Greensburg officials to declare emergency after public works fire
An emergency declaration will help Greensburg officials replace and repair damaged public works vehicles and equipment after a fire tore through the South Urania Avenue warehouse where they were stored early Saturday morning, city Mayor Robert Bell said.
“It’s a little more flexible for council to react on some things that we need to take care of without going through major steps in government — all the little steps you have to go through in government, we won’t have to do that,” Bell said.
Officials were called to the public works warehouse around 11:45 p.m. Friday and did not leave the scene until around 4 a.m. Saturday, fire Chief Thomas Bell said. He said the building did not have a fire suppression system. Firefighters were alerted by a smoke detector.
Despite the extent of damage inside that left most of the equipment and walls black from smoke, the fire remained largely contained. It shot through the corners of the roof throughout the night, sending smoke into the sky.
The cause of the fire remains under investigation, but Thomas Bell, who is also is the city’s public works department director, said it is believed to have started in the street sweeper or around the street sweeper, which was destroyed. The blaze may have been caused by an electrical malfunction, he said.
According to Robert Bell, a few trucks were able to be driven out of the warehouse, but those will need to have their electrical systems checked and the insides detailed. Thomas Bell said Saturday the city’s asphalt paver, a shop pickup truck, equipment the city uses in snow plowing, salt sprayers and various tools were damaged.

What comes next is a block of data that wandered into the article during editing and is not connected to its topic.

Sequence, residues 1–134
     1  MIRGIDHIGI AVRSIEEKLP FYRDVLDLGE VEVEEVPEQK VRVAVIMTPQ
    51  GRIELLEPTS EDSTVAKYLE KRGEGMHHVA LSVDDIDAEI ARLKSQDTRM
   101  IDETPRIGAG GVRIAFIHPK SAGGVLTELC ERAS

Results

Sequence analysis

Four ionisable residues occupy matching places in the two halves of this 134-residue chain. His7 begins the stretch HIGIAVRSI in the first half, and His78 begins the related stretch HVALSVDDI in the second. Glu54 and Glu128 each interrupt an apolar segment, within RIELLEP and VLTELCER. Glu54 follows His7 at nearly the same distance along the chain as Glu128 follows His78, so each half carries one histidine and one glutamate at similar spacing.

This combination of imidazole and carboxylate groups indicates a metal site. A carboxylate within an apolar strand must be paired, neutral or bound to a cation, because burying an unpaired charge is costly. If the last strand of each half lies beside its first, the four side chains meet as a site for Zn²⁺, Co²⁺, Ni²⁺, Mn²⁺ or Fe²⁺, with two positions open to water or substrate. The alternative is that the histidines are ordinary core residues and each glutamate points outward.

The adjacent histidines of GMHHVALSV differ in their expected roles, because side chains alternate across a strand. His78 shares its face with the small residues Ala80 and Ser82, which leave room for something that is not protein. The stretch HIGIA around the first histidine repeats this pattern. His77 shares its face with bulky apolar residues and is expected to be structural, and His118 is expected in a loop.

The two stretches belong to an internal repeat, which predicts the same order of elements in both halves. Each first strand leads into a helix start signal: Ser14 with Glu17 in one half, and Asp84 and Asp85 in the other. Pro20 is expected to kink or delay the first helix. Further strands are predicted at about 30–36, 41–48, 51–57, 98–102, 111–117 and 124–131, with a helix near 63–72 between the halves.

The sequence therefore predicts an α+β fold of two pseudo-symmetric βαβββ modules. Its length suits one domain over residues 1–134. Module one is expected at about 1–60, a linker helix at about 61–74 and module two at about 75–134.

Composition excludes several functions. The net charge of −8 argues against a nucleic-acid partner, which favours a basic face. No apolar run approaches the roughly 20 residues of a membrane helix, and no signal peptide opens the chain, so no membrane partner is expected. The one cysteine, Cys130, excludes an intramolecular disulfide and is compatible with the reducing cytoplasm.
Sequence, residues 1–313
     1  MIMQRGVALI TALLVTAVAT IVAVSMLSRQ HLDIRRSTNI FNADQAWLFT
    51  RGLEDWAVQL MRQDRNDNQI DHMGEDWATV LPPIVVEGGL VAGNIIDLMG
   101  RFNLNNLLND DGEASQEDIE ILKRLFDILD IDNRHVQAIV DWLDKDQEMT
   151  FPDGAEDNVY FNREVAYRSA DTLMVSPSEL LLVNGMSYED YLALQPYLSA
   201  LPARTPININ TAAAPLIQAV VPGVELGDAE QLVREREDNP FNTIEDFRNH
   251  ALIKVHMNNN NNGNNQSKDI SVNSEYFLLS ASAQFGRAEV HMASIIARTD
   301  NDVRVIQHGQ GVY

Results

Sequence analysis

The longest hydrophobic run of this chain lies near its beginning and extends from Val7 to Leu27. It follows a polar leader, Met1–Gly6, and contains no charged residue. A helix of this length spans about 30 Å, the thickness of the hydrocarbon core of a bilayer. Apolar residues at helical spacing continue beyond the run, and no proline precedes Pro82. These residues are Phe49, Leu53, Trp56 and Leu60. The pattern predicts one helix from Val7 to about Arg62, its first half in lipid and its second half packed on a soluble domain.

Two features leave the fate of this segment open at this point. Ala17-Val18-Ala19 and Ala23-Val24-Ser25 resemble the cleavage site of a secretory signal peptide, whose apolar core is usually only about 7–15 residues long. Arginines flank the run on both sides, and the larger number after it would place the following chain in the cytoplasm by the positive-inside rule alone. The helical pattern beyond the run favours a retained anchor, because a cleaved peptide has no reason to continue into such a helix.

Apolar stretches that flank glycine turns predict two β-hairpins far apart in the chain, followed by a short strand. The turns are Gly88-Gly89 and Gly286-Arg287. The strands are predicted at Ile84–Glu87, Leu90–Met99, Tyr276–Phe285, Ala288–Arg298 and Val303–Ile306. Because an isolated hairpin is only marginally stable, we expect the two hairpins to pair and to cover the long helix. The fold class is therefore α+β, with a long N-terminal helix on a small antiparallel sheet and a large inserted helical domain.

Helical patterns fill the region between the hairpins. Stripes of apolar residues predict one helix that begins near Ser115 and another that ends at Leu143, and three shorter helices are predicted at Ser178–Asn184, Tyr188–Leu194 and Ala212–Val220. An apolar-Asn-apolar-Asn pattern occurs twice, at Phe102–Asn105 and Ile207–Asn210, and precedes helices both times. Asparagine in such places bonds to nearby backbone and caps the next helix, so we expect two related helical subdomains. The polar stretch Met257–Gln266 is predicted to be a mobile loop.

The mayor was unable to provide the cost of equipment lost, adding that insurance adjusters were assessing the damage Monday .
“We’re going to have to try and approach this from the seasonal standpoint of trying to get the equipment up and running for leaf collection,” Robert Bell said. “We need to get the equipment prepared for snow removal. We have some salt sprayers that are damaged, we need to repair those, plows are damaged. But, all in all we’re not in as bad a shape as it looks but we still got a lot of work ahead of us.”
The mayor predicted it could take up to 30 days to assess the extent of damage to the building.
The public works department will temporarily move near the emergency management building on Main Street. Officials are still searching for a place to store equipment.
“I don’t want to go through this again,” Robert Bell said. “I really don’t. And I don’t want any future councils or mayors to go through this again, but we’re going to have to take a look at every step and take every precaution so we don’t have this happen again.”
Megan Tomasic is a Tribune-Review staff writer. You can contact Megan at 724-850-1203, [email protected] or via Twitter .